Happy Mother’s Day! (It’s officially 100 years old this year!)


This year Mother’s Day is officially one hundred years old in the U.S. On May 8, 1914  Congress passed a law to officially celebrate Mother’s day on the second Sunday in May.

Facts About Moms (in the U.S.) 

  • There are more than 85 million mothers of all ages in the United States.
  • According to the Pew Research Institute, fewer Moms are married than fifty years ago



  • Of all women age 15 to 44 how many kids do we have?
    • 47% have no children
    • 17% have one child
    • 20% have two children
    • 10% have three children
    • 5% have four or more children
  • The average age of first-time Moms in 2012 was 25.8 years old.
  • The number of stay-at-home moms in married-couple family groups in 2013 was 5 million (statistically unchanged from 2012 and 2011).
  • The number of single mothers living with children younger than 18 in 2013 was 10 million  [Source for the statistics above: Info Please: Mothers by the Numbers]
  • To what extent do Moms in the U.S. work?  Check out this chart from the Bureau of Labor Statistics (2012):


And here’s an interesting chart from the Pew Research Center about how parents spend their time:

Over time, parents’ roles have begun to converge

The History of Mother’s Day

One source says the the tradition of honoring motherhood goes back to antiquity.  One of the earliest historical records of a society celebrating a mother deity can be found among the ancient Egyptians, who held an annual festival to honor the goddess, Isis. This website, Mother’s Day Central, goes on to explain how two other mother goddesses in Turkey and Greece, laid the most important foundation for the worship and celebration of motherhood in Europe.

The custom of honoring mothers was strong in the 1600s in England, which celebrated Mothering Sunday.  Originally, people celebrated Mothering Sunday by visiting their “mother church.” In later times, Mothering Sunday became a day when domestic servants were given a day off to visit their mother church, usually with their own mothers and other family members. Sometimes children would pick flowers to give to their mothers.  Eventually, this religious tradition gave way to the secular tradition of giving gifts to mothers.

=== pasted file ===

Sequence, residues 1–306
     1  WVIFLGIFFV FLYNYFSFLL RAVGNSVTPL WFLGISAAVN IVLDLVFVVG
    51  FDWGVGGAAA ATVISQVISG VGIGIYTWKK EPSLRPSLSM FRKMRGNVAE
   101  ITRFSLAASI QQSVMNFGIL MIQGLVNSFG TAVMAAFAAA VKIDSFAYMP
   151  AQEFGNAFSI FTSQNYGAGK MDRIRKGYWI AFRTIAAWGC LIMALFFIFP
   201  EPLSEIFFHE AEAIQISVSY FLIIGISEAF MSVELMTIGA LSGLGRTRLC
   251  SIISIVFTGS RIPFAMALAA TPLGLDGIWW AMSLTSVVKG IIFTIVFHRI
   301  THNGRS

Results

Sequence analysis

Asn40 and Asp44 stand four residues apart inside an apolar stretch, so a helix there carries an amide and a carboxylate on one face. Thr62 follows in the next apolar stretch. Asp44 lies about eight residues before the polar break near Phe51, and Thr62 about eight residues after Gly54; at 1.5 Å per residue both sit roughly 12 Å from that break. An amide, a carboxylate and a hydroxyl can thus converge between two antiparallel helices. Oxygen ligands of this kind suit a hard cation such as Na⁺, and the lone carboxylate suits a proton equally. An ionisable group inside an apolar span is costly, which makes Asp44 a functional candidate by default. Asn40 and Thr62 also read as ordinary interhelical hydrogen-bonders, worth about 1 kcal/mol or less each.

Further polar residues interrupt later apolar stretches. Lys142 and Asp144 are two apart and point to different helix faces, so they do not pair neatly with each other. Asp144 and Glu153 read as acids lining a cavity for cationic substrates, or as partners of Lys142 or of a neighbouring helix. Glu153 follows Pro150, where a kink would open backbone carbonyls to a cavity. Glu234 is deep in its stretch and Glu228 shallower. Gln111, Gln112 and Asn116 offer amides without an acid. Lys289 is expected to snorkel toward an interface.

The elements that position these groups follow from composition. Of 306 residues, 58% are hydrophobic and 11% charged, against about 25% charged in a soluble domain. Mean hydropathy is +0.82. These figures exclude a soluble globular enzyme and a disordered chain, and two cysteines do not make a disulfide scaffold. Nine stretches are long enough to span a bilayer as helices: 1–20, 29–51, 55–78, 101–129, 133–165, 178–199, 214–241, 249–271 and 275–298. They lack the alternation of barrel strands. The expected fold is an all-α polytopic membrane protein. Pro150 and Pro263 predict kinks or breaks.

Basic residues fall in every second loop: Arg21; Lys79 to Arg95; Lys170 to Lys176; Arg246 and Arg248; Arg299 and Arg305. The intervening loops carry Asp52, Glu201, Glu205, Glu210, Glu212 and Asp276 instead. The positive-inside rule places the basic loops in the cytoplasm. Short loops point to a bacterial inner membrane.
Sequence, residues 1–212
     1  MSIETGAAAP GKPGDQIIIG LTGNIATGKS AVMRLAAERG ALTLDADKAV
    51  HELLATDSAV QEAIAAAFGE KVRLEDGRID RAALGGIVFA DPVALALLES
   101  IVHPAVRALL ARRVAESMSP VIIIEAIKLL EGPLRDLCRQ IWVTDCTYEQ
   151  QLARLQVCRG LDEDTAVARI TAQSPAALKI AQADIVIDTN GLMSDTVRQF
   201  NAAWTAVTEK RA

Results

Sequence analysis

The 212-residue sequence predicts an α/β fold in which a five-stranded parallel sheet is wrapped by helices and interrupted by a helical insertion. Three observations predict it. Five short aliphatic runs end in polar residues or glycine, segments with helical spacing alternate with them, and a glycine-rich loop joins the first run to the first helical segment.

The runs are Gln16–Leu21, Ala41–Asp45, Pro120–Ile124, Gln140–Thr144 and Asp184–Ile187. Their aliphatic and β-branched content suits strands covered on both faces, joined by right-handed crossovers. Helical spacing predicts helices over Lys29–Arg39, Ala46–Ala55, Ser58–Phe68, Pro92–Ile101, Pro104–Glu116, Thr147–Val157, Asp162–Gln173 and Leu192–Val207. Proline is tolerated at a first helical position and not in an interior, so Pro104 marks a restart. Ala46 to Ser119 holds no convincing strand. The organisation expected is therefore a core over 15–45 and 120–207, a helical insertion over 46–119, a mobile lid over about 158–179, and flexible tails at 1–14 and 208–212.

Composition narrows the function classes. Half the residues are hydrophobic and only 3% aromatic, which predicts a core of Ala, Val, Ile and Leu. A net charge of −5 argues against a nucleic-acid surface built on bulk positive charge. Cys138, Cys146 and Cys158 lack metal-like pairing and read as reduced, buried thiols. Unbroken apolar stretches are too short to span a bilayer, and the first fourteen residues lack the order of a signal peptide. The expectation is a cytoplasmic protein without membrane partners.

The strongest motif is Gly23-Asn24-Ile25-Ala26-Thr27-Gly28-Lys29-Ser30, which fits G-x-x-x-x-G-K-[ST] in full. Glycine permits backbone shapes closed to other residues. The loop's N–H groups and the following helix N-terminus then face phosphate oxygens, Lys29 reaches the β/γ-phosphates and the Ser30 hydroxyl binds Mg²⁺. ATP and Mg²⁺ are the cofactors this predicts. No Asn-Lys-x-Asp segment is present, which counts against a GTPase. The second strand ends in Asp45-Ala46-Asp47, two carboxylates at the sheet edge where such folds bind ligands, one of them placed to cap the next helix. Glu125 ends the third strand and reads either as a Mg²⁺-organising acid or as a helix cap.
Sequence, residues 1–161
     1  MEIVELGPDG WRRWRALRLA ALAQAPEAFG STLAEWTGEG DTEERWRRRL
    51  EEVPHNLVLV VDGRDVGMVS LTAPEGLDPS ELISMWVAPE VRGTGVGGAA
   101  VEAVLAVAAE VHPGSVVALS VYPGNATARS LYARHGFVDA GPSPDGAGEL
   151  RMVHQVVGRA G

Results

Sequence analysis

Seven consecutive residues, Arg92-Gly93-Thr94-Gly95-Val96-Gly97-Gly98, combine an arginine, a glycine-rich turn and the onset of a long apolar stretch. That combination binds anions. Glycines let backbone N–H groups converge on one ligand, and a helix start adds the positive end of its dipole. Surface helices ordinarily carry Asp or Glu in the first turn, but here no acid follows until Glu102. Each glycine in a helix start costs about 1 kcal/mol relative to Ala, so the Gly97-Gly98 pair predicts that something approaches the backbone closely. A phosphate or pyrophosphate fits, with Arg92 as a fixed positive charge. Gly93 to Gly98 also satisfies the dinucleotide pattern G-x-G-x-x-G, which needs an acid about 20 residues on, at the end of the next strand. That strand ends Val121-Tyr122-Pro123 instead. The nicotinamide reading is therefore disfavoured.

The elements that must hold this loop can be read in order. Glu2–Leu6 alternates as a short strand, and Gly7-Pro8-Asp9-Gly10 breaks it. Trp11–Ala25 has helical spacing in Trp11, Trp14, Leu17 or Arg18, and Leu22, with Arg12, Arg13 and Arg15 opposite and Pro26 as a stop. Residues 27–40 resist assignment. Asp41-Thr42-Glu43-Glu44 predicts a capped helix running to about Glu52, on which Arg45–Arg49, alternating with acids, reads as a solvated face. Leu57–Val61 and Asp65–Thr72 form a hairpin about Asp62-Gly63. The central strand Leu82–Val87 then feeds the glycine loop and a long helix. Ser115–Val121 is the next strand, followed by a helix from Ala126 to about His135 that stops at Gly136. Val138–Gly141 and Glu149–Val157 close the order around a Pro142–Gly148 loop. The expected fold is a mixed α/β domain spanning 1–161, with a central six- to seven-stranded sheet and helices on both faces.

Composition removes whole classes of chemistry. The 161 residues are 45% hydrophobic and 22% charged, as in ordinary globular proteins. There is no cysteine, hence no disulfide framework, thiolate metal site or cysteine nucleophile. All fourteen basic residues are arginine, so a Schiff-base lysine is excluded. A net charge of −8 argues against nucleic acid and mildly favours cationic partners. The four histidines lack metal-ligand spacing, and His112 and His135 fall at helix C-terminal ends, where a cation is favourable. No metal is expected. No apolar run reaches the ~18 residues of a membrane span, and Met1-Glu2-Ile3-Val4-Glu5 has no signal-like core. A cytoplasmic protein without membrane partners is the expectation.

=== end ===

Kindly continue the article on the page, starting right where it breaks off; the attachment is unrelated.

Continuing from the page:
Now people in the U.S. and 80 other countries set aside the second Sunday in May to celebrate Mother’s Day.  According to some, we first celebrated Mother’s Day in 1908 when a woman named Anna Jarvis held a memorial service for her mother in Grafton, West Virginia. The original purpose was to honor “the person who has done more for you than anyone in the world.” Jarvis’ mother had been a pacifist during the Civil War tending to the wounds of soldiers from both the Confederate and Union armies. It was a few years after that that Congress passed the law to celebrate Mother’s Day.  Woodrow Wilson declared the first Mother’s Day as a day when Americans were to fly the flag to honor “mothers whose sons had died in war.”

Less than 10 years after that, Mother’s Day had become commercialized.  Today people in the U.S. spend 2.6 million dollars on flowers and $1.53 billion on pampering gifts. In Australia people will spend about $1.4 billion on their Mums. In Britain Mother’s Day was March 30; on average people spent about £30 ($50.50 U.S.) on their mothers.

Me?  I mainly want a nice card from the kids… and they always treat me to breakfast in bed!

Have you seen this video for people applying for the world’s toughest job?  It’s a job that requires you to work 24/7, 365 days a year.  No vacations.  The work load increases around the holidays… It made me laugh, so I wanted to share it with you.

I hope you have an amazing day! Happy Mother’s Day! ~Liesl

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